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The Letters

Current Feature Synopsis - The LETTERS

Current Feature Synopsis

"The LETTERS" - synopsis

Danghram, India, 2003.  A car speeds through the back roads of India.  Behind the wheel is Father Benjamin Praagh (Rutger Hauer), a priest dispatched by the Vatican as postulator for Mother Teresa's cause for sainthood.  He arrives at a remote hospital where people are gathered around the bed of a frail Indian woman named Monica Beshra.  The healing of a tumor in her abdomen will mark the first of two miracles required by the Vatican before someone can be canonized a saint.   

Father Praagh later arrives at the retirement quarters of Father Celeste van Exem (Max von Sydow), a priest in his eighties who was friends with Mother Teresa and was her spiritual advisor.  He shares with Father Praagh letters that she sent to him over a forty year period, letters that reveal a spiritual darkness she suffered the better part of her adult life, something not even the Vatican was aware of.  This suffering began when she started her work with the poor in 1946.

In one letter Father van Exem reads to Father Praagh she refers to having "no God" in her … a revelation that prompts more questions from the younger priest, at which the older priest begins to reflect back on when he first met Mother Teresa in 1939 … when Mother Teresa, then Sister Teresa, was a young nun teaching at the Loreto convent in Calcutta.  He looks at a photograph of the two of them when they were younger, and the film slowly morphs from cepia tone in the photograph to full enriched color taking us back to 1939, when Mother Teresa arrived in Calcutta.  

We witness the moment on September 10, 1946 when Mother Teresa first received her calling to leave the convent and go live among the poor … and serve them … make Mota Jiel, the poorest slum of Calcutta, her home.  We witness her struggles with her own poverty as she began her work, her lack of support from her fellow nuns at the convent, her inability to get the attention of the Vatican, her depression as the nuns at Loreto turned their backs on her, referring to her as "evil" for leaving her cloistered life … and then the day when her former students began to, one by one, graduate from Loreto and join her, marking the beginning of the Missionaries of Charity.

Throughout the story we return to Father Van Exem and Father Praagh, the older priest referring to his admiration for Mother Teresa for her devotion and perseverance to serve the poor.  As Father Praagh asks Father van Exem questions, the old priest periodically sits back in his chair and continues to reflect, sharing with Father Praagh his witnessing her struggles, her eventual sadness, and the sadness he himself felt as he would read her letters as they arrived.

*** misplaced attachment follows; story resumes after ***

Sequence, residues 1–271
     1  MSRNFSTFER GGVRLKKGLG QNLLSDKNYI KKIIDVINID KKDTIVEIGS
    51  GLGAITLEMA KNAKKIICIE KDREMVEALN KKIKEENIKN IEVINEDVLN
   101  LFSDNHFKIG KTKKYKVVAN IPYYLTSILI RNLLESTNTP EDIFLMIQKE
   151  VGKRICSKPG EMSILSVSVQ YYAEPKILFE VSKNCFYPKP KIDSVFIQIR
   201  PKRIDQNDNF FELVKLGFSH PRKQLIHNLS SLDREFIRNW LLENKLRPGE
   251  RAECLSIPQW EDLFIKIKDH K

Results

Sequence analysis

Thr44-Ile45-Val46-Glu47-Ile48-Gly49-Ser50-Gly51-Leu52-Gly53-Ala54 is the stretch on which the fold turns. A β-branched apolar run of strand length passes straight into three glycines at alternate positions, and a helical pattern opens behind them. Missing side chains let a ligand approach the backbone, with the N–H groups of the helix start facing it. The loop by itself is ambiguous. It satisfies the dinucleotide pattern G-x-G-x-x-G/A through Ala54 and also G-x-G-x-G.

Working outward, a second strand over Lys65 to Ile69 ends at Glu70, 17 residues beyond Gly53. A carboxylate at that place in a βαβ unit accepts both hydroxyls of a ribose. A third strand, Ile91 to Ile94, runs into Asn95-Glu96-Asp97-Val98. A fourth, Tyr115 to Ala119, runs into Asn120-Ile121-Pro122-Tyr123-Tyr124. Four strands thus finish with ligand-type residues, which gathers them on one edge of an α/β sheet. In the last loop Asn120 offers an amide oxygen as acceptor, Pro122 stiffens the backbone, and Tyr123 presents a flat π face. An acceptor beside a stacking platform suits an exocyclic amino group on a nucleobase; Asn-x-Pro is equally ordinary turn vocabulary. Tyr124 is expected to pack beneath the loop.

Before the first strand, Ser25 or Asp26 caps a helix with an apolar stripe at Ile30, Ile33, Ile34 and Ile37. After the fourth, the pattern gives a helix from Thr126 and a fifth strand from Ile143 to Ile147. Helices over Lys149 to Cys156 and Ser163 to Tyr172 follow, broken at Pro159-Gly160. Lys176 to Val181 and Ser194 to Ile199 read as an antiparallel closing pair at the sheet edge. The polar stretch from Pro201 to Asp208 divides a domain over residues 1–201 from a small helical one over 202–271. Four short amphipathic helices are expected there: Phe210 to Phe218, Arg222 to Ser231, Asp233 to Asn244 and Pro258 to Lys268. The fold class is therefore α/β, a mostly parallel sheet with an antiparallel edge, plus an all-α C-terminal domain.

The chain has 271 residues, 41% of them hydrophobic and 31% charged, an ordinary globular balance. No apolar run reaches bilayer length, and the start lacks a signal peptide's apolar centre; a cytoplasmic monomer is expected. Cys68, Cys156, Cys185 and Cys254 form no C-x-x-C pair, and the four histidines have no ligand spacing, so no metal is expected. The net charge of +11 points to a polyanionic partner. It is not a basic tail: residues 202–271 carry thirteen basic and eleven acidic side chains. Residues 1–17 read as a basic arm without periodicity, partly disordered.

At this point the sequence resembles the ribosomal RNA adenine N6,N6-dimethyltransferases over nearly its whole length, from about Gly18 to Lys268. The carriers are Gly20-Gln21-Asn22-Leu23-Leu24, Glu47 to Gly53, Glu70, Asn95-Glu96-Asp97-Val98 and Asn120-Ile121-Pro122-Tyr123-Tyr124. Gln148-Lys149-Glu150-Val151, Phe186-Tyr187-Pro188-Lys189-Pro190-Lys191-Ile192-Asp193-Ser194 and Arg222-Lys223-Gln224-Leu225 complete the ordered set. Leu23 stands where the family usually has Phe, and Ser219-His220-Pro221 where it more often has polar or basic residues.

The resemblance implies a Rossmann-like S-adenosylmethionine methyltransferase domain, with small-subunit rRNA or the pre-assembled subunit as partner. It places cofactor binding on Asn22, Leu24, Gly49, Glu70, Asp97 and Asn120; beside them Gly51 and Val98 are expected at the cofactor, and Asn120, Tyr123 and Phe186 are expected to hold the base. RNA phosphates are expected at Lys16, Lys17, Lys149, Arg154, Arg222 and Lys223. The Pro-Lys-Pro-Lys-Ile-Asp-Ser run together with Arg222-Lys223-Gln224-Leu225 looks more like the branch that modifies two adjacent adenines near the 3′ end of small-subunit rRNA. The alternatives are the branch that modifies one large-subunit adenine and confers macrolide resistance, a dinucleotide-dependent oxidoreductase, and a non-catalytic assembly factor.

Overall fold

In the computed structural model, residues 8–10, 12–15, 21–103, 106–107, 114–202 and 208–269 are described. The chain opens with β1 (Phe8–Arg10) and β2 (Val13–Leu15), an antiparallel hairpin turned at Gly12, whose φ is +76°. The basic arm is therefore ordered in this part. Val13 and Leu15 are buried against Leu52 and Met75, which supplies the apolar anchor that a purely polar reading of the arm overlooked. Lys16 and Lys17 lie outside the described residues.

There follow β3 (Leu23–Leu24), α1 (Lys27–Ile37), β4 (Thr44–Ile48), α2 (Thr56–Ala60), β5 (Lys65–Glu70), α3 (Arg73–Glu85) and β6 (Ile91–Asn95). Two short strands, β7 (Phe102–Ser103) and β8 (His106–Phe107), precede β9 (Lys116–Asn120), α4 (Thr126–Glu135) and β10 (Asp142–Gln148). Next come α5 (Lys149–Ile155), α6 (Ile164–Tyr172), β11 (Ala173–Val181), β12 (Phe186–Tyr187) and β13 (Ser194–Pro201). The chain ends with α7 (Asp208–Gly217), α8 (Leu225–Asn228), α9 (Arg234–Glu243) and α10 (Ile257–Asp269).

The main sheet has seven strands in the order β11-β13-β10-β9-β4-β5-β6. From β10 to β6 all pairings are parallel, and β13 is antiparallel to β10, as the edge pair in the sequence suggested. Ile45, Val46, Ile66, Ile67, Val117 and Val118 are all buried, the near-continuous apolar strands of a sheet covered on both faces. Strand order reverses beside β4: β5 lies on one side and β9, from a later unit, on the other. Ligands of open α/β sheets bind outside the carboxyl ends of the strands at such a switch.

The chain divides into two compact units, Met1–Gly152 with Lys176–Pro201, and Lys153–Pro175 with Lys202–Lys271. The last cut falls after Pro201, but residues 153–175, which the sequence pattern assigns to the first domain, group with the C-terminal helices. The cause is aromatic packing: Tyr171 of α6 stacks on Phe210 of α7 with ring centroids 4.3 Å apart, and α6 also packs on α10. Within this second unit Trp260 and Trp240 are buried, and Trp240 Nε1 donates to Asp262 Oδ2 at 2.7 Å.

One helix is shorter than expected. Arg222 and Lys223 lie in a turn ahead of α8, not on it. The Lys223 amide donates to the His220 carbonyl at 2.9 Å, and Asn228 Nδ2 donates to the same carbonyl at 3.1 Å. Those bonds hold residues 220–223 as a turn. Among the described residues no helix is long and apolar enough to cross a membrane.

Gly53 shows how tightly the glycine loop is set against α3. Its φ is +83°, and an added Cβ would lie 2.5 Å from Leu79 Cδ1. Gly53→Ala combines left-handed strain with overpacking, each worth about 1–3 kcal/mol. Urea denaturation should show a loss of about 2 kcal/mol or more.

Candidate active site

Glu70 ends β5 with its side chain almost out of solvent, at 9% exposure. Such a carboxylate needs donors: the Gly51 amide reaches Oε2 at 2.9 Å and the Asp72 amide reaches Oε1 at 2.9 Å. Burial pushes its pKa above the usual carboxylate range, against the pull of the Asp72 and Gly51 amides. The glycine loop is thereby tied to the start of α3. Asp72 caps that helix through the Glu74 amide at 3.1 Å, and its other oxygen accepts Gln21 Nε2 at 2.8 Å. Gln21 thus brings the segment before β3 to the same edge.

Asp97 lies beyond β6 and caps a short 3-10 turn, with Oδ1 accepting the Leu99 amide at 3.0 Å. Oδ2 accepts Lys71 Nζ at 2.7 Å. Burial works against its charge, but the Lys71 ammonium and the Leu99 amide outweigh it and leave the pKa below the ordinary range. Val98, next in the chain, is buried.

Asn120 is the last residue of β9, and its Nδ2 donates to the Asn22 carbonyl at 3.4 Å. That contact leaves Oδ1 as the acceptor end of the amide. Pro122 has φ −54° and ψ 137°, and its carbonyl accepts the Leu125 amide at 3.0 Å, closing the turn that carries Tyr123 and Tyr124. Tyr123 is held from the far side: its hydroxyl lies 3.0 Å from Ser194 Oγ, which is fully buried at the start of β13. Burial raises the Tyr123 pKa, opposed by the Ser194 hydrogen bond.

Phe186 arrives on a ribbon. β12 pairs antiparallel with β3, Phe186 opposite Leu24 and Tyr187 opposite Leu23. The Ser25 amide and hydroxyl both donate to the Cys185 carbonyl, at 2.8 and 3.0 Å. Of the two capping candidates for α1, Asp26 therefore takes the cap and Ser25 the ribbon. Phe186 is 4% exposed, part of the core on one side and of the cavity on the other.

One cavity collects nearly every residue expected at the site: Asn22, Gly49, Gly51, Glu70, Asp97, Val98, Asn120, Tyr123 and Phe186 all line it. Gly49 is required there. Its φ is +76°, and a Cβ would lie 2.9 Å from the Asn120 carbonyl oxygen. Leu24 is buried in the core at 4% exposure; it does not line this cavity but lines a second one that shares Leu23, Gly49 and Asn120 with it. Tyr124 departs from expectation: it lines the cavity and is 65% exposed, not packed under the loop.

Along the way a BBC reporter, assigned to Calcutta as a bureau chief during post-war India, begins to hear about Mother Teresa's work in the cities worst slum district.  On a slow news day he wonders out into Mota Jiel to locate her, and finding her attempts to get an interview and is rejected.  When he says to her, "Your work with the poor", she corrects him with, "God's work, not mine".  

This unexpected modesty and selflessness fascinates the reporter, who's an avowed atheist, and he begins to visit her weekly in hopes of getting an interview.  When she finally relents, Mother Teresa becomes news around the world and over time she and the reporter form a lifelong bond and friendship.  At the end of his life he dies a devout Catholic.

Returning to Father Praagh and Father van Exem in present day, the older priest unexpectedly offers the letters to Father Praagh.  He is convinced that the letters will provide final proof to the Vatican of Mother Teresa's worthiness of sainthood.  Father Praagh takes the letters, vowing to guard them with his life.  

On returning to the Vatican, Father Praagh gives an impassioned speech to a gathering of cardinals in the Vatican's boardroom, ending the speech with why Mother Teresa, in his opinion and based on his findings, should be canonized a saint.  The speech is interlaced with scenes of Mother Teresa working in the slums … receiving the Nobel Peace Prize … and a final scene with her walking down a lonely road in Mota Jiel, now an old woman, while haunting music plays over.